For the most part, it neither proselytizes nor preaches, and deals with its central subject with a candor that many movies of the era lacked. ” (Beradinelli, reelviews. com). He also says that Kazan was trying to show how the unions were run during that time period. Beradinelli states that America was built on the back of the working class, and that unions greatly affected the working conditions of those workers. It was the changing of an era, one that was run by the workers instead of the owners of the business.
This movie shows how much power the workers held and how they should stand up for their rights if those rights were being mistreated. “I suspect that, had On the Waterfront been made two decades later, the ending would have been darker and more cynical than the one we are presented with. (Indeed, the real-life situation upon which Schulberg based the screenplay did not end in such an upbeat fashion. ) Here, right prevails over wrong as the bloody-yet-unbowed Terry struggles to his feet and completes the quest for redemption that he began when he realized he had been used to lure a man to his death. (Beradinelli). IV. J. Hoberman “Always on the verge of unshed tears, his face a smooth mask of tragedy, Brando’s Terry is as soulfully stupid as he is beautiful???a male Marilyn Monroe (who achieved sex deity status in 1954). No other actor ever made more poignant use of what, pace John Steinbeck, might be called the Lenny factor. Terry is a sort of brute yet vulnerable animal trembling on the brink of consciousness. ” (J. Hoberman, Oct 26, 2004). Hoberman writes that this movie is one of the classics, and that Brando gives a performance of a lifetime.
He thinks very highly of this film. Hoberman also states that this was the first movie that Kazan made after he testified against the communist party. Kazan put the scene where Brando is testifying against his brother’s boss and essentially against his brother as well. He adds this part in there to let everyone see what a struggle it was for him to testify, and maybe people would understand why he did it. Kazan had asked Brando to play Terry, but he turned it down. Kazan was also looking at John Cassavetes, who played a Brando clone in Edge of the City.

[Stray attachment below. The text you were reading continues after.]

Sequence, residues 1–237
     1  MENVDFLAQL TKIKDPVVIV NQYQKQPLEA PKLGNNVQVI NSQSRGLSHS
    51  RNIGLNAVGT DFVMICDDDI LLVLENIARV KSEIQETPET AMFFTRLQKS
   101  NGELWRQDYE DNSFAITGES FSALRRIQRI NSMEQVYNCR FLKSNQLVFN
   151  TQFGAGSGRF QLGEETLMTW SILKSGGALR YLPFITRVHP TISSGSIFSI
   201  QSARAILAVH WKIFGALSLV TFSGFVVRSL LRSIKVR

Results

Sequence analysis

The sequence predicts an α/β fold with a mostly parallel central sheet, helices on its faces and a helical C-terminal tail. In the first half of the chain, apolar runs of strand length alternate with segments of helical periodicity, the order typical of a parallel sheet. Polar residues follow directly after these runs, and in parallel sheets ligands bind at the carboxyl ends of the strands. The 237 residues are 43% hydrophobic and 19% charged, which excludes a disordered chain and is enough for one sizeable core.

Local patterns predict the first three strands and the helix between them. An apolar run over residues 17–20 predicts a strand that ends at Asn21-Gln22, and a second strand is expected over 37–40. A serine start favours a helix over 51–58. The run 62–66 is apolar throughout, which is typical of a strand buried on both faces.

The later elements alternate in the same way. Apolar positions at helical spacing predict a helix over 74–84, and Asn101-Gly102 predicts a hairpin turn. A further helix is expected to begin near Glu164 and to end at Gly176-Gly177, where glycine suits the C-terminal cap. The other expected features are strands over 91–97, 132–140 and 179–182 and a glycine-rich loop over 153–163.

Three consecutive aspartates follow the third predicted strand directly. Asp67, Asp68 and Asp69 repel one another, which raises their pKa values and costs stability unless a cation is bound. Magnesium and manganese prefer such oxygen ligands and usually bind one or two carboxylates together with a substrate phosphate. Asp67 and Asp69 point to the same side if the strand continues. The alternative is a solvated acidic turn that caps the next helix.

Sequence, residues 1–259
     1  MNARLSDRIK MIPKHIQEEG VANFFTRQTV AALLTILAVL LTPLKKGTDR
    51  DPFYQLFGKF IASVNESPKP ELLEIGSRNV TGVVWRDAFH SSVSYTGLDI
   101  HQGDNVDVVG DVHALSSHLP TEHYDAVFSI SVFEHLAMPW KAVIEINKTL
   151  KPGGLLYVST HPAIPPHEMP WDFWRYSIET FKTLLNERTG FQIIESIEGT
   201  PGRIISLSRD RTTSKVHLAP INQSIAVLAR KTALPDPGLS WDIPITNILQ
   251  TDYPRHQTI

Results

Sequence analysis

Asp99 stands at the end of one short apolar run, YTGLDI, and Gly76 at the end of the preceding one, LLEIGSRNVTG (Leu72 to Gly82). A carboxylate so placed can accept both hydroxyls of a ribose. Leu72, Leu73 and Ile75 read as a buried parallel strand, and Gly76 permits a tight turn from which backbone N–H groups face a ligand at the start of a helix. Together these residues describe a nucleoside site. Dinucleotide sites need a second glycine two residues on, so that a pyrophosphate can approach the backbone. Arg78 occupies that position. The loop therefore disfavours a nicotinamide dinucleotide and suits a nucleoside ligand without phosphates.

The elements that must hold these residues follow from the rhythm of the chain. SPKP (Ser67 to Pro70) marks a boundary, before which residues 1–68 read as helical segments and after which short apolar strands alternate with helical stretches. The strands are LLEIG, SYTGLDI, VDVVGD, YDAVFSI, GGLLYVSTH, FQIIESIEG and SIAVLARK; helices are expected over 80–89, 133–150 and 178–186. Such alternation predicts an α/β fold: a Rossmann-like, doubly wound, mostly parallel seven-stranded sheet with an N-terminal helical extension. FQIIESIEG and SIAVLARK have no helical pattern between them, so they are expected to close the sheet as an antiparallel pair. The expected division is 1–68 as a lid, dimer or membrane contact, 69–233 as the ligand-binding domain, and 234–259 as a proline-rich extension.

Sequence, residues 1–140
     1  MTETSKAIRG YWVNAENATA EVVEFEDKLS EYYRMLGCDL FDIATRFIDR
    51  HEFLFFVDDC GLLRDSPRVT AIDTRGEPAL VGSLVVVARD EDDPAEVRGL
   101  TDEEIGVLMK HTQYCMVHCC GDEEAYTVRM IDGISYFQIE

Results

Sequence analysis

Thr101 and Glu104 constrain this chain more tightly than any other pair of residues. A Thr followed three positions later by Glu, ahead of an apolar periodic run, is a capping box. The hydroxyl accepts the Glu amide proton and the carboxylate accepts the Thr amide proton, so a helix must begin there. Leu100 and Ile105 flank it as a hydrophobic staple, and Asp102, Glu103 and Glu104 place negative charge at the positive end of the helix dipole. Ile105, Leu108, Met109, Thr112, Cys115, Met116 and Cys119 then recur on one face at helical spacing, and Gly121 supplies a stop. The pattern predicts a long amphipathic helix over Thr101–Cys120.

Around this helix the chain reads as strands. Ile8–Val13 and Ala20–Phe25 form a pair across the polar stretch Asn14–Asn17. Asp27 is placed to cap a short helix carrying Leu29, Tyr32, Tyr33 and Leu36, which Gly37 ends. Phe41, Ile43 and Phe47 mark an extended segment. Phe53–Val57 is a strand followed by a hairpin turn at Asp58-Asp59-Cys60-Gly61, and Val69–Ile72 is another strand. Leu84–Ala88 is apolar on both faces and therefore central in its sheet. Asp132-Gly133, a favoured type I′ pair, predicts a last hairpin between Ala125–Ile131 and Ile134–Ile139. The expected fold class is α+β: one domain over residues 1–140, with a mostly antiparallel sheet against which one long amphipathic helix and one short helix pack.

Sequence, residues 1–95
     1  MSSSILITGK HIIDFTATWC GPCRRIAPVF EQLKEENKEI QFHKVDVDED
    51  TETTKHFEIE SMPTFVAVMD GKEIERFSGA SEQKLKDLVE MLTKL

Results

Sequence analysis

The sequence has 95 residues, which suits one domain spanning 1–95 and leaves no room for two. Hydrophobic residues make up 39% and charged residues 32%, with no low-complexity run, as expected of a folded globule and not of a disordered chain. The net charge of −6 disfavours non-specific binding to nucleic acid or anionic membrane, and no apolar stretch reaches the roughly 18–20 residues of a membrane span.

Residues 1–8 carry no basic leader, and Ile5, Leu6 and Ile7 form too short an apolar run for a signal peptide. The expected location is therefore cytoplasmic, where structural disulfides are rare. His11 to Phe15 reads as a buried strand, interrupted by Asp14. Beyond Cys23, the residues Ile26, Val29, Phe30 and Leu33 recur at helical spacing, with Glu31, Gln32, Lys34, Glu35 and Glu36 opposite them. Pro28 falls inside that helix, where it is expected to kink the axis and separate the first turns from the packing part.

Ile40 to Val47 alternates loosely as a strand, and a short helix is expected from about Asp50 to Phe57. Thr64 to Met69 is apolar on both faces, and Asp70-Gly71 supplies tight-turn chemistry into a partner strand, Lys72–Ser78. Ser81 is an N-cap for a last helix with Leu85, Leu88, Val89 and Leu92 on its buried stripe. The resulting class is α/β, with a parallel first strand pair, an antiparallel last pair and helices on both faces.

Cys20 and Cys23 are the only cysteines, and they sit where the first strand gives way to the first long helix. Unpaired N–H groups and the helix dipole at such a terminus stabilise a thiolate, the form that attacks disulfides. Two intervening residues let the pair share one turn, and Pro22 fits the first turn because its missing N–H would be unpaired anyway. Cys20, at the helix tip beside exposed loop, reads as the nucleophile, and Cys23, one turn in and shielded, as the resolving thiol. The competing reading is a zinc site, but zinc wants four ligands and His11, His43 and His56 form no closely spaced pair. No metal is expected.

Frank Sinatra was also considered for the part, and would have made him into even a bigger star. The actor John Garfield was who the film was wrote for, but he passed away before the movie was made. “At the same time, however, On the Waterfront is deeply evocative of Kazan’s aesthetic heritage???which is to say the left-wing theater of the 1930s. The look is less faux neo-realism than the bittersweet naturalism of the Workers’ Film and Photo League. ” (Hoberman). V. Personal Critique The film On the Waterfront was a good movie in my opinion.
I am a big Marlon Brandon fan and thought that he was the perfect actor to play Terry. I had never seen the movie before watching it in class, and caught many lines that I have heard people quote in other movies in this film. For example, the famous line by Brando in the taxi, “I coulda had class…I coulda been a contenda. ” I have heard that line countless times and I finally got to see why it is so famous. I also liked to supporting cast. The priest was a big part of the film and I always like how people that are even in a corrupt group such as the mob respect the church. The main actress in the movie was great also.
She never gave up on Terry and stuck with trying to find out about her brother’s death even though she knew it would get her into trouble with people that she knew were dangerous. After watching more intense mob movies, I was not impressed with the way the mob was portrayed. They seemed weak and like they were losing their grip on the docks, which is what the director wanted. But since I find the mob interesting, I did not like how the mob boss was paranoid all the time. After learning more about the background of the director and the making of the film, more things made sense to me.
The courtroom scene was an important part in the movie because it showed how Terry decided to show up and testify against his family and friends. This also was put in by the director to show why he testified against the communist party and how difficult the decision must have been. This also took courage, to stand in front of people that he knew and do the right thing. I also found it interesting that the movie was taking from actual newspaper articles. This added to the story’s realism and gave it more of a solid background. I thought that this was a good movie because of the acting, the setting, and what the movie stood for.